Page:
DARK SKIES AND RADIO ASTRONOMY AS PART OF THE LANDSCAPE FOR LEARNING PROJECT FOR THE KIRKS
With the aim of making the Island an International Dark Skies site, North Ronaldsay is planning a Learning Centre as part of the Kirks Project, focused on observations of the Universe. The Island already has an eight-inch Reflector Telescope, and will acquire red-light torches, star maps, and wall charts of the night sky. An interpretation display will incorporate online computer facilities and portable Tablets which show instantaneous maps of the sky at the location.
There will be a Planetarium such as StarLab, a lightweight dome held up by blown air. Inside, a panoramic image of the night sky is projected onto the inside of the dome by a powerful projector. The nearest one is in Aberdeen, so it would be a special visitor attraction. Everything would be in place to run astronomy weekends for groups, visitors, and students. Weather disruption can, of course, always be a factor, but the evidence gained from those few other areas that have attained Dark Skies status is that the uncertainty can be part of the adventure! As long as there are other indoor options -which the StarLab Planetarium would certainly provide – then people appreciate and embrace the variety of the experience.
A complementary program is the East Anglian Astrophysical Research Organization (EAARO). This group is interested in constructing a facility for Radio Astronomy in North Ronaldsay. Radio Astronomy is just like regular astronomy, except the observations are in the radio frequency part of the electromagnetic spectrum rather than the visible light range. Thereby one is able to see different aspects of the Universe unobscured by clouds, weather or time of day.
“The North Ronaldsay sky and community offer the perfect site for EAARO work in Orkney. We are excited to be here.”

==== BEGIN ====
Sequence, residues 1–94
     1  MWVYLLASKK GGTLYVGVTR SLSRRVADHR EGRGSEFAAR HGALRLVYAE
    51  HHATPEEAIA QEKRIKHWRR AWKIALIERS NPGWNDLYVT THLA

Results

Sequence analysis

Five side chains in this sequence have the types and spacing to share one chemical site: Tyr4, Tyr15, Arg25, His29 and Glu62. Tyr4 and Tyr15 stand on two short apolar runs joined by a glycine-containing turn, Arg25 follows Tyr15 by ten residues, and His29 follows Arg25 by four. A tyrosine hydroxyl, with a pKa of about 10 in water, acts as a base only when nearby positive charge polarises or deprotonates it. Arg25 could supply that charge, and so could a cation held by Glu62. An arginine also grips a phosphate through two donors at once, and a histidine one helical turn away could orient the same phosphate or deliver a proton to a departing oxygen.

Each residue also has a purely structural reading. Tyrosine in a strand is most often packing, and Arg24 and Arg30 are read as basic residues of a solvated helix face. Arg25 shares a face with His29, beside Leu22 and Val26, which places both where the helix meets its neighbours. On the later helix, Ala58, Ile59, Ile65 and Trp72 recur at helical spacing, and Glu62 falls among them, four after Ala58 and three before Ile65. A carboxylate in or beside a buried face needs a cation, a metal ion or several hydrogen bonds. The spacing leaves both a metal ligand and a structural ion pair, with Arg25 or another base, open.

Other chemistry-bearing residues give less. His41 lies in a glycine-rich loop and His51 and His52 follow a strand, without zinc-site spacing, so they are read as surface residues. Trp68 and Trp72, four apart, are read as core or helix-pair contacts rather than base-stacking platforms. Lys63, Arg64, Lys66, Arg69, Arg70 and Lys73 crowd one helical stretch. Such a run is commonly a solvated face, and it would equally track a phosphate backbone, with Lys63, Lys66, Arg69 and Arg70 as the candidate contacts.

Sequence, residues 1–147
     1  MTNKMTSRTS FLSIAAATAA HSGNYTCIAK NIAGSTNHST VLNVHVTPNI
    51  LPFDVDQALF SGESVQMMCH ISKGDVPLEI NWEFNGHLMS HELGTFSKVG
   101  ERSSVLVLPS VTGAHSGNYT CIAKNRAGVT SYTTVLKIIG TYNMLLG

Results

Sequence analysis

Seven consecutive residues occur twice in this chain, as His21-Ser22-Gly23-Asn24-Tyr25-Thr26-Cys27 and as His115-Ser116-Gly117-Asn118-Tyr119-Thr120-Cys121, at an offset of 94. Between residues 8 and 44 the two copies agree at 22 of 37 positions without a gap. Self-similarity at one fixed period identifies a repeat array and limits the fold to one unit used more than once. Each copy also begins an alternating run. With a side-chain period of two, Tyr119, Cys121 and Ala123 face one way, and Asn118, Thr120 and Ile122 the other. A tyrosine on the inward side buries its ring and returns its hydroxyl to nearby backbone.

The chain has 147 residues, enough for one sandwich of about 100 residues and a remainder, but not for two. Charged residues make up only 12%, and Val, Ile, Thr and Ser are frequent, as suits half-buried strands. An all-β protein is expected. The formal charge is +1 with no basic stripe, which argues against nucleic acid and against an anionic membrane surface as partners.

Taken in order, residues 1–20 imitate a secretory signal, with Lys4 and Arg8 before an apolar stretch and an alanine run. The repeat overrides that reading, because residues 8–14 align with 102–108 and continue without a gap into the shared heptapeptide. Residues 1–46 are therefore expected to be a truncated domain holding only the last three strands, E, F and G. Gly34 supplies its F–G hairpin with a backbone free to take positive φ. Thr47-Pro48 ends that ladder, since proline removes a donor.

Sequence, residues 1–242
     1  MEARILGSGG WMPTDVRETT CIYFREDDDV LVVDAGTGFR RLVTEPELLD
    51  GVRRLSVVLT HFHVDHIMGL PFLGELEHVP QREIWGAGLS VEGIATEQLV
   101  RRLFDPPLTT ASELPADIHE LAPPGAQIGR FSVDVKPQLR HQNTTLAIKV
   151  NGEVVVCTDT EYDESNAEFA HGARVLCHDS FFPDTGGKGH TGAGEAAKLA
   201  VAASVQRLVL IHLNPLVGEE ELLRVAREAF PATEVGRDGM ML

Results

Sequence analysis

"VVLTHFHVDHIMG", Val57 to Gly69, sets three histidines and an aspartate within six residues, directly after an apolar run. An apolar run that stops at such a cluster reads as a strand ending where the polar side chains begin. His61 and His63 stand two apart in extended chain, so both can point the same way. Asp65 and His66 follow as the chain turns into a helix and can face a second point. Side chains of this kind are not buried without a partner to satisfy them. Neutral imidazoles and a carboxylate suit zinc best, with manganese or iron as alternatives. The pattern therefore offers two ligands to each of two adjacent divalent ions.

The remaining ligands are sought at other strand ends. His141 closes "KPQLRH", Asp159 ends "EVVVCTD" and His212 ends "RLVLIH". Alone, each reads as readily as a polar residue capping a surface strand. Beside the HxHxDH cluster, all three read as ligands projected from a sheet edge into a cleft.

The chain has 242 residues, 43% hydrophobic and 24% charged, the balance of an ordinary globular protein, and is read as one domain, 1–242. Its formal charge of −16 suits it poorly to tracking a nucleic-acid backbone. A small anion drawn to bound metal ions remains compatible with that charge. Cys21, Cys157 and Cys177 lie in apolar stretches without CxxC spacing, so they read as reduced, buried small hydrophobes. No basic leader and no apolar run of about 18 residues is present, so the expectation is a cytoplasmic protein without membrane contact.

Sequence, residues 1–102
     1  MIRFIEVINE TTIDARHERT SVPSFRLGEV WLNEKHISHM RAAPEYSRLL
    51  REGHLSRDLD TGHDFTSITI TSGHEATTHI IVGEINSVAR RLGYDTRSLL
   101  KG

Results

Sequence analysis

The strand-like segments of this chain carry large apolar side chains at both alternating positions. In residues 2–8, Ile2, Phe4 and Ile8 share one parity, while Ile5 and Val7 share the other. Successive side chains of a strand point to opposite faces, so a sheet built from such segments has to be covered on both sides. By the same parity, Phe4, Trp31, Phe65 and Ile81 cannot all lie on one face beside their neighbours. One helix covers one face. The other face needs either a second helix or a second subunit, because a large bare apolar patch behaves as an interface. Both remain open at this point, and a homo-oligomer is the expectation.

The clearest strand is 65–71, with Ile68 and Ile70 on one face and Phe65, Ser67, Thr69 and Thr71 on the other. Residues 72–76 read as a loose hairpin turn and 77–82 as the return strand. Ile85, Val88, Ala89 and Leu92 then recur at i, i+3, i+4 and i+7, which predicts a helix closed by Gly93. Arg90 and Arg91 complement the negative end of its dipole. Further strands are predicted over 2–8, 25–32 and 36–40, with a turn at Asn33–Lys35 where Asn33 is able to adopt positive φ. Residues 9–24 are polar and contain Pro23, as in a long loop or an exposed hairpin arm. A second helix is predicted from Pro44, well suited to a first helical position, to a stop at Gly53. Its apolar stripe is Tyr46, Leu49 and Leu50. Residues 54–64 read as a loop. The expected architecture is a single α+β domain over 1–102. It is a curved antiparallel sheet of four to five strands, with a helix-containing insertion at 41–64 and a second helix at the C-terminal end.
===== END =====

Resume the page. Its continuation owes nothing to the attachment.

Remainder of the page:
The current focus of research is the tracking of meteors and will incorporate an outreach program to schools as part of STEM (Science, Technology, Engineering and Mathematics), to get more young people excited about science. Apart from the research, the team envisages computer projection facilities with ‘wrap-around’ screens so that people can experience what it is like to approach a black hole or ride on a meteor. This would dovetail well with the mobile Planetarium.
The current vision includes a unique comet exhibition (with assistance from ESA) where customers may explore not only the surface of a comet, but actually experience the simulation of a spacecraft ride whilst in orbit. The Team would like to see a network of antennae in different Orkney Islands, synchronized through the internet. The project may be part of the North Isles Landscape Partnership, along with other Kirks projects. The combined projects could make North Ronaldsay a magnet destination to attract people from far and wide. The existing Archive Center in the New Kirk would provide additional research and learning opportunities as a part of a cultural experience.
We are very excited to be supporting the North Ronaldsay trust and their dark skies – astronomy project. Our team will be back on the island in July 2019 for maintenance and upgrades to our meteor tracking station.